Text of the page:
Thinking About History

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Thinking About History. How I Learned to Stop Worrying and Love Social Studies. Happy Constitution Day!. Constitutional Fun Facts: The Constitution was signed by members of the Constitutional Convention in Philadelphia on September 17, 1787. - PowerPoint PPT Presentation

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Thinking About History

Thinking About HistoryHow I Learned to Stop Worrying and Love Social StudiesHappy Constitution Day!Constitutional Fun Facts:The Constitution was signed by members of the Constitutional Convention in Philadelphia on September 17, 1787.Only 39 of the original 55 delegates from 12 states signed; Rhode Island sent no delegates. It was not fully ratified until May of 1790.

Full DisclosureI am not a Social Studies Teacher.I am a Literacy Specialist.I spent three years as Project Director of a Teaching American History Grant.I am not an expert; I am still learning about History, Social Studies and historical thinking!

Sowhat can I share with you?What I have learned about the teaching and learning of history:a framework for how history worksa few thoughts about disciplinary literacy in social studiessome application of historical thinking skills

Over the Rainbow

IntoBalance of Content and SkillsStarting your historical thinking

The Gettysburg AddressOn your own, write for 2 minutesWhat do you know about the Gettysburg Address?What questions do you have about it?What do you think was the reaction to the Gettysburg Address at the time?Share your ideas with a partner for 2 minutes. Jot down any more thoughts you have as you share.

(Bain, 2000)How History Works8How History WorksHistory is interpretive.History is contested and contestable.History is an argument in favor of a particular narrative based on evidence.Some events or issues are more significant than others.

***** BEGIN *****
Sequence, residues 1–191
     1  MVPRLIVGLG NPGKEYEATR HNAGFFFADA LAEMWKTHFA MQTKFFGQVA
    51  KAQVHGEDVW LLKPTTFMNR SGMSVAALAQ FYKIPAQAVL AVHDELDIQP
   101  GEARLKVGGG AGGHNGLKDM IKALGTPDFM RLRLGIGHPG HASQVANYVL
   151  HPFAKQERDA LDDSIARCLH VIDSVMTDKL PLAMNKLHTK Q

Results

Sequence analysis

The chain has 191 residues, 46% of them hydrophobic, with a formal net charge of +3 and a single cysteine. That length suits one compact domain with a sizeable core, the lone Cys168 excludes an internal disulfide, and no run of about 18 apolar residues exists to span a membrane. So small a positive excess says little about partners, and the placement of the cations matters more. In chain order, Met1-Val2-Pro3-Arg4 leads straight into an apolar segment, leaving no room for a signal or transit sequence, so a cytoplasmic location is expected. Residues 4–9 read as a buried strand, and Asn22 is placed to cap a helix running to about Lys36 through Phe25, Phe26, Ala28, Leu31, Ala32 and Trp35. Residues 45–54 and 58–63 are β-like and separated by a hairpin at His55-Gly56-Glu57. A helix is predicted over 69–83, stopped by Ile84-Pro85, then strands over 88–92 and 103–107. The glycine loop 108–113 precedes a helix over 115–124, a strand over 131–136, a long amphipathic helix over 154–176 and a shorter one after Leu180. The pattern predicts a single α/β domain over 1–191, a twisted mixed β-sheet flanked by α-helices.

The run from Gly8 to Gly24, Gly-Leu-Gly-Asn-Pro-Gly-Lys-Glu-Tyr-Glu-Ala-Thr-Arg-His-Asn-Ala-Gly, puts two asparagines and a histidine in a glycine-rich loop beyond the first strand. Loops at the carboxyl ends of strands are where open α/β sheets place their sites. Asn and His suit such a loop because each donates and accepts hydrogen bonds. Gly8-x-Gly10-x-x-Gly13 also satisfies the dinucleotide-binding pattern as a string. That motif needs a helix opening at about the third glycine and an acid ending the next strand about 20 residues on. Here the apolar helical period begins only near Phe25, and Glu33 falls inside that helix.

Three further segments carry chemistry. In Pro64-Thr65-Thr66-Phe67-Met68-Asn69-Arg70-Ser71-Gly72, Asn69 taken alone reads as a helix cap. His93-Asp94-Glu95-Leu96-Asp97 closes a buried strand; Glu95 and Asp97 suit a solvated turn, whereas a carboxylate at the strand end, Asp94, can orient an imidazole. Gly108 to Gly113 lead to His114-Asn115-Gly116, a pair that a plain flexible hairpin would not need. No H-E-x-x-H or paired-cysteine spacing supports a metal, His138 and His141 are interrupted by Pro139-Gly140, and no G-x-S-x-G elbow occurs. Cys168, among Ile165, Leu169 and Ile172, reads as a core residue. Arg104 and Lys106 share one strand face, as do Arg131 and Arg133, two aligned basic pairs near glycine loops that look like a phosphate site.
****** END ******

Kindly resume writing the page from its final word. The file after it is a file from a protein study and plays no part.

(adapted from Gifford, Kansas SDE, May 12, 2011 and Shanahan, 2013)How History WorksWho the author is matters. The authors purpose matters. A single text is problematic. Multiple texts are crucial.

(adapted from Gifford, Kansas SDE, May 12, 2011 and Shanahan, 2013)Literacy in Social StudiesEvery social studies lesson is a literacy lesson.Social studies instruction must explicitly attend to challenges in using and producing text . . . (even if you only want to teach the facts).Every social studies teacher is a disciplinary literacy teacher.

(Dr. Robert Bain, University of Michigan, November 4, 2012)We must focus on the literacy practices required to do the learning of history and social studies by making . . .all thinking visiblehistorical problems the organizer for instructioncognitive tools to help learnersdiscipline-specific texts accessible for learners

(Dr. Robert Bain, University of Michigan, November 4, 2012)History is contested and contestable.

We contest it through reading and writing, speaking and listening.

Time to

historically!The Gettysburg AddressOur historical problem:How did people living at the time think about what President Lincoln said at Gettysburg?Are these reactions similar or different to todays opinions about the speech and Lincolns ideas about democracy, government and community?Have American's views of their democracy, government and community changed over time?Does it make a difference?